I knew I said I was going to start on the Mini VIC development logs, but I found one more from the Minstrel 4D development, this from September 2022.
Throughout most of the Minstrel 4D development, the video circuitry has been pretty much lifted from the Minstrel 4th.
The same chips in the same configuration, the main difference is the Minstrel 4th had jumpers for PAL/NTSC and normal/inverse, and the Minstrel 4D uses DIP switches for these.
On the original (green) prototype, the DIP switches were up next to the video section, but were later moved to the middle of the board.
I knew that this worked, so could be left alone. However, I set myself a "stretch goal" that if I had time, I would revisit it. I'm still recovering from some health issues, so as a gentle ease back into doing work that required concentration I decided to completely rewrite the code from scratch.
The Minstrel 4th video chip was ...
Hang on, let me just stop for a minute and fix something. I don't like calling it the video chip, it does not actually generate the video signal. That comes from video RAM, feeding font RAM, feeding a shift register, just like in the original Jupiter Ace. Just with a few additions such as optional inversion and a pixel synchronisation flip flop.
The microcontroller generates the video sync and controls the timing of the other bits, the latches, flip flop and shift register. It also counts generates the addresses for the video and character RAM, and just replaces few dozen or so logic chips that originally did the clock, counting and decoding.
I prefer to refer to it as a CRT Controller, a bit like a modern version of the 6545 CRTC used in the Commodore PET etc. I refereed to it in the Mini PET schematics as a "I can't believe it's not a 6545".
The original Minstrel 4th CRTC was developed around the same time as the Mini PET version (I can't actually remember now which one came first), and they share a lot in common.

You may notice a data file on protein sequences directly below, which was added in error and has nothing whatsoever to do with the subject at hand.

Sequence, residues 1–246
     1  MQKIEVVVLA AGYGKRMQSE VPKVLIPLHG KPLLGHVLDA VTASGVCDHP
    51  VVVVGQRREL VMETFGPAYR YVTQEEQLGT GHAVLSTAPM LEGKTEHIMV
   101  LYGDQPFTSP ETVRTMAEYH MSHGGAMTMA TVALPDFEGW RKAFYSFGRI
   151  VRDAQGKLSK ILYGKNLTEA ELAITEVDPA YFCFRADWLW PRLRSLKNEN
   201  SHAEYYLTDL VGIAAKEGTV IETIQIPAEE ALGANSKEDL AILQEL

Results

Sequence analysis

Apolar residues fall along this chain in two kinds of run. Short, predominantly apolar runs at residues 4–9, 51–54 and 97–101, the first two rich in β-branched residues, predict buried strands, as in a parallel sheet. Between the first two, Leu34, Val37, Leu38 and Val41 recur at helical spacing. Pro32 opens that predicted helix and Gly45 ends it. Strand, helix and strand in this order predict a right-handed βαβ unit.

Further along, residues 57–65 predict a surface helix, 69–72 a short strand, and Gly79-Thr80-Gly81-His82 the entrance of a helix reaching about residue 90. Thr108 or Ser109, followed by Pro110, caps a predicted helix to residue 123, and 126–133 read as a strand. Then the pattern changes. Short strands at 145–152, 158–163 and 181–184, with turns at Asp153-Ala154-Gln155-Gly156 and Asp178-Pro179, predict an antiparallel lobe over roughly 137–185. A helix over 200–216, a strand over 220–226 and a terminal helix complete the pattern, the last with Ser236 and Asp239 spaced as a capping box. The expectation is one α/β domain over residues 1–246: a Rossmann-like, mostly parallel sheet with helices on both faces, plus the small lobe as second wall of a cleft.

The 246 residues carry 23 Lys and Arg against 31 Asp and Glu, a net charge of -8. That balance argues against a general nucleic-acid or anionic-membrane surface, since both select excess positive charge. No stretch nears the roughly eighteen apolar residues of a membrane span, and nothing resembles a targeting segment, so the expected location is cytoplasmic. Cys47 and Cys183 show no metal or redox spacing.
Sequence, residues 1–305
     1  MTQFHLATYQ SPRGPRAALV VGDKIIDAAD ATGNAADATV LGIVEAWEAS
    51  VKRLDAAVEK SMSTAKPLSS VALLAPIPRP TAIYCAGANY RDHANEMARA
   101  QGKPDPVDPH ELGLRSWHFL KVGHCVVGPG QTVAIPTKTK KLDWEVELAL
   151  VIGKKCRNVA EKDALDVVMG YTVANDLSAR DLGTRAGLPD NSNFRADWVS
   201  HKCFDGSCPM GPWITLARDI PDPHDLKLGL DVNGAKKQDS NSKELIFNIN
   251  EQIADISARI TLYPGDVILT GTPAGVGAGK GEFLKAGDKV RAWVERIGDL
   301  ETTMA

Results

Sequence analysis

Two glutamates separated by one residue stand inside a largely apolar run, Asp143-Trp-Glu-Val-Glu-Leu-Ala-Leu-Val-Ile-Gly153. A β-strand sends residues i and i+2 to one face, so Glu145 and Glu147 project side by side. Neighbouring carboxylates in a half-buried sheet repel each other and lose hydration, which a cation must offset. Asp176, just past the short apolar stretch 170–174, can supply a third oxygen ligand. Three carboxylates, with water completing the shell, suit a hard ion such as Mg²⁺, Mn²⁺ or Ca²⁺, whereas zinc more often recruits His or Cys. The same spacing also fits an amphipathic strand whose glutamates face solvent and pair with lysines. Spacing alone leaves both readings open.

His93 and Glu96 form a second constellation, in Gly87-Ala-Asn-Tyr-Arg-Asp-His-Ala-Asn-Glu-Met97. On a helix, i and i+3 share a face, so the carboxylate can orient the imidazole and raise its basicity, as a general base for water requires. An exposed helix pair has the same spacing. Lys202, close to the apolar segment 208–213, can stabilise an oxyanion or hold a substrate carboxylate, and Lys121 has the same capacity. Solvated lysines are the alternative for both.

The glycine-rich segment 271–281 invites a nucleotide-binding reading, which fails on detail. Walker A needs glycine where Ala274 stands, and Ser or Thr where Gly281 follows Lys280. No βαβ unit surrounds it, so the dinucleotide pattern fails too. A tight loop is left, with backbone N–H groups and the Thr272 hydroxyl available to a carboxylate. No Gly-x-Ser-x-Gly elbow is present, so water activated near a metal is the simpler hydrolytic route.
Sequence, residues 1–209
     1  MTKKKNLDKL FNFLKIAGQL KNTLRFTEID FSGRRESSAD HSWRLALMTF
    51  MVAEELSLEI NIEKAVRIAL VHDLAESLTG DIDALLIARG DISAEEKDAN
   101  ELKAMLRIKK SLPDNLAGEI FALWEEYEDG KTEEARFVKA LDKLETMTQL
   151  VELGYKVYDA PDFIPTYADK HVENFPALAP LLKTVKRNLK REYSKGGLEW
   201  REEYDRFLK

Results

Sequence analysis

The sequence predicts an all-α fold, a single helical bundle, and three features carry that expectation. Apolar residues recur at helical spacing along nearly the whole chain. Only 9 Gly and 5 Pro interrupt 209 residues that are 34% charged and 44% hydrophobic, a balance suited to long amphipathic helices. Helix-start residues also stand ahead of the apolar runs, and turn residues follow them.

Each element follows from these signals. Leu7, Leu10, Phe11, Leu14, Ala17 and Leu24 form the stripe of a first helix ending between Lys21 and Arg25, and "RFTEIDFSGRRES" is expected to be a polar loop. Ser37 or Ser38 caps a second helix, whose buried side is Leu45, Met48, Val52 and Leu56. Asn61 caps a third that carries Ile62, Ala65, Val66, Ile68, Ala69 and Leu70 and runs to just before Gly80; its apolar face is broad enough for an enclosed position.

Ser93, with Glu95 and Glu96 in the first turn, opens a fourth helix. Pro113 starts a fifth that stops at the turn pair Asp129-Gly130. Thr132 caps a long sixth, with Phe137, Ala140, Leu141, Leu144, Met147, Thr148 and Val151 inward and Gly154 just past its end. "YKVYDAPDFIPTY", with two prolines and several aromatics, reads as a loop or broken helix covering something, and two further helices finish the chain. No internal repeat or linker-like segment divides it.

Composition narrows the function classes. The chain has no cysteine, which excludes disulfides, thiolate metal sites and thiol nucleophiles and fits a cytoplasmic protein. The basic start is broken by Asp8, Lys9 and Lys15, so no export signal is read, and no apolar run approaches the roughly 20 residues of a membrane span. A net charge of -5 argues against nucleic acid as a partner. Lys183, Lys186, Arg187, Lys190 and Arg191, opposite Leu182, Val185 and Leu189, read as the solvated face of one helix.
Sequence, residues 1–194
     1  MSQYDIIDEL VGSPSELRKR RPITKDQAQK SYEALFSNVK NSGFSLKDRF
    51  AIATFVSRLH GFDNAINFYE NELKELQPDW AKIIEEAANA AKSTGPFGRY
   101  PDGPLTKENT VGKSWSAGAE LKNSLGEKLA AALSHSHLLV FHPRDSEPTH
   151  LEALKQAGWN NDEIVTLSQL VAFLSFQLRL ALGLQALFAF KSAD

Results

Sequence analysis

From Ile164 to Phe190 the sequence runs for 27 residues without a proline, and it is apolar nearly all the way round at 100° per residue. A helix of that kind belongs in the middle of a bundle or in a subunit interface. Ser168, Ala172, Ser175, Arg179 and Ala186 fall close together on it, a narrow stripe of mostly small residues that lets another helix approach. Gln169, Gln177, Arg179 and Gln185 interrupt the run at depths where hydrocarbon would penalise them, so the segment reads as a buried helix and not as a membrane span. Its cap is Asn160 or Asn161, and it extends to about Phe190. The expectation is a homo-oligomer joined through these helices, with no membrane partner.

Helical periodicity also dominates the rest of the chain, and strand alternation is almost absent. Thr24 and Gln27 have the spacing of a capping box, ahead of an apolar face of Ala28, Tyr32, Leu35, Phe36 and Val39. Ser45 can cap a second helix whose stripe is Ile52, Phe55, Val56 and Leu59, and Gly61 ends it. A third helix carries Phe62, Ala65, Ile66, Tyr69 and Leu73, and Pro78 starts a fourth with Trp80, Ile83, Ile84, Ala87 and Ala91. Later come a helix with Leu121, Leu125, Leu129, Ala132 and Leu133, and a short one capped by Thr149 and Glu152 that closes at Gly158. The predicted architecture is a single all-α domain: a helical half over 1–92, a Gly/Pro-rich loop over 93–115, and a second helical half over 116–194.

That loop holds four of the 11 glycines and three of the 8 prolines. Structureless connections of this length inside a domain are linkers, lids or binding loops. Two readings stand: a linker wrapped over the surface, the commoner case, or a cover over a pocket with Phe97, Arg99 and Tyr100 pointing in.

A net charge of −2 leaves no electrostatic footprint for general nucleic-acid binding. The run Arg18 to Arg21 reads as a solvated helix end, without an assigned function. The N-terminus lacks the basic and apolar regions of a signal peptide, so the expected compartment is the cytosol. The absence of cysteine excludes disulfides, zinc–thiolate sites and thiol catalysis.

When I designed the Mini PET 40/80, I revisited the PET code and ended up rewriting it completely. The extra steps required to support 80 column video output would have required a lot of changes anyway, but I wanted to make two main changes to the original code.
- I wanted to switch to using a timer interrupt to set the horizontal sync pulse at the start of each line. That would keep the timing a lot more consistent, and required less counting of cycles to make sure each code path took the same number of cycles, as I had previously done.
- The original version had tried to copy the video output generated by the Commodore PET, and other machines of that era. I wanted to improve on that and generate a more correct composite video signal.
I don't really want to get into how the whole things works at this point. I will have to do that again at some point. I say again, as I wrote a huge long scrolling blog post covering all the ins and out of how the Minstrel 4th and Mini PET video worked. That was about 90% complete when it all got wiped due to a bug in blogger. Still bitter about that. Still haven't summoned the energy to do it all over again.
(I did write quite a lot about in for the Minstrel 4th manual, I may adapt and extend that into a blog post at some point)
The reason for point 2 above is that some monitors (it seems mostly ones made by Dell), do not like the simplified style of composite video generated by machines of this era. Everything else seems fine, old CRTs, and most modern LCDs, it is only the Dell ones that dosn't like it. Is that the signal's fault or the monitor?
This photo from George Beckett shows this issue (George is currently doing sterling work putting the Minstrel 4D through it's paces).
All the monitors ancient and modern that I tried it on here did not show this problem.
One line of an 8x8 character on the screen takes 8 clock cycles to draw. Get the timing out by just one clock cycle, and the character appears 1 pixel to the left of where it should be. I can make that happen by removing a critical NOP instruction.
That's just one pixel, it then takes at least 8 lines to get back, hence the slight bend rather than a step.
I have been through the timing of the original code and I cannot see anything out of place like that,(although if there had been, it would have affected all monitors anyway).